New York had a fine place to get all faux tropical and order tall, ornate tiki cocktails in Trader Vic's, before Donald Trump began his ignominious reign as owner of the Plaza Hotel and decided the restaurant was too "tacky" for his tastes. (Imagine Trump, the King of Bad Taste, finding something tacky.) It closed in 1989.
The Trader Vic chain, once mighty and nationwide, was founded and owned by Victor Jules Bergeron, Jr. He opened the first of his Polynesian themes restaurants in Oakland. At the height of the tiki craze, there were 25. (There has been a resurgence of late, with many international locations opening.) One of the classiest addresses in the chain was in the basement of the Plaza.
Bergeron's most lasting contribution to world culture was the Mai Tai. While there has been some dispute over the years as to who invented this drink (Donn Beach of Donn the Beachcomber claimed authorship as well), lately it's been pretty well resolved that Bergeron came up with the formula to the most popular version of the cocktail. Here it is, as printed in a 1972 reprinting of his bartender's guide.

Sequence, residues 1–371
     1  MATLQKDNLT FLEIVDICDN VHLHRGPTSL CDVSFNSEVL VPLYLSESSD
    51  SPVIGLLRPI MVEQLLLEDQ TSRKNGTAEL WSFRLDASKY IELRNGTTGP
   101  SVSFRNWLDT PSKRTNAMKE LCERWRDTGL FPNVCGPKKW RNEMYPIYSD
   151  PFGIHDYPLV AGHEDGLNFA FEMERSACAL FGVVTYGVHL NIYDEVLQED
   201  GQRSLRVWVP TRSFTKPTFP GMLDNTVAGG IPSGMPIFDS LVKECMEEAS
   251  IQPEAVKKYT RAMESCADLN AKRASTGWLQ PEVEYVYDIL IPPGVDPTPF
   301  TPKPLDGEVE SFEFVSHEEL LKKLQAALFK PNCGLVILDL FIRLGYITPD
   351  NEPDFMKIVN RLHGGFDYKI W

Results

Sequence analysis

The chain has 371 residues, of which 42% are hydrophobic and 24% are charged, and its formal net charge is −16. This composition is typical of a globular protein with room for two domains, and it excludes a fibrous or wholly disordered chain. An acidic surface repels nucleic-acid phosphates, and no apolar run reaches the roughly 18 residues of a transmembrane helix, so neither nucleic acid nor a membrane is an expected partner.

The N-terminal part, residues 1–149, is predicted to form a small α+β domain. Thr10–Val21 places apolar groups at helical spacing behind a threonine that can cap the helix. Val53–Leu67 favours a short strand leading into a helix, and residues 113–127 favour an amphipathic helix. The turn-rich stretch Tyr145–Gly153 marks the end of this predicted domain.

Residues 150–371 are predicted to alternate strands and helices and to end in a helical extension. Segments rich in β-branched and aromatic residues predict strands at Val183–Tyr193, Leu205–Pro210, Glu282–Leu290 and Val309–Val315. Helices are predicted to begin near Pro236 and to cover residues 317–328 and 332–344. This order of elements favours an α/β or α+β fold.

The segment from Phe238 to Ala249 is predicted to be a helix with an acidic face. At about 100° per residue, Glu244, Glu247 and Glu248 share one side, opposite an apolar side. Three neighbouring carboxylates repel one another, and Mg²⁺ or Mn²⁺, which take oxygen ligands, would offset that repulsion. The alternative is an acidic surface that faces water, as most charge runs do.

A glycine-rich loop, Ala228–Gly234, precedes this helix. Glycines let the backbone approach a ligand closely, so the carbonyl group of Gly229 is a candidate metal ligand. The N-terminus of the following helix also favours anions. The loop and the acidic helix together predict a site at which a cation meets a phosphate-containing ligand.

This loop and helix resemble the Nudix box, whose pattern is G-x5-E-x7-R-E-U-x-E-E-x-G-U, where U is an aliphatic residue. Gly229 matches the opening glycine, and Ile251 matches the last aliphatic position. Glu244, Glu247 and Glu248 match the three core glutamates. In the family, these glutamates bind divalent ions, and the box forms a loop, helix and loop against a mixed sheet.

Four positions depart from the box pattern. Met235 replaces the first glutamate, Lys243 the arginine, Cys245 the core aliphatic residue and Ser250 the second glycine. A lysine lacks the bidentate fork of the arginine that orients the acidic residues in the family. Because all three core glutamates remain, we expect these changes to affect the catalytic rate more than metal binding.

1/2 ounce orange curacao
1/4 ounce rock candy syrup
1/4 ounce orgeat syrup
1 ounce dark Jamaica rum
1 ounce Martinique rum
Cut lime in half; squeeze juice over shaved ice in a double old fashioned glass; save one spent shell. Add remaining ingredients and enough shaved ice to fill glass. Hand shake. Decorate with spent lime shell, fresh mint, and a fruit stick.
Notes of preparation: Don't skip the orgeat (you can find it at Astor Wine & Spirits) or use anything other than fresh lime juice. They are critical, as are the two kinds of rum; 2 oz. of one kind of rum is not the same. For the rock candy syrup, simple syrup will do. As to the fruit stick, it's safe to skip that. Don't even know what it might be.
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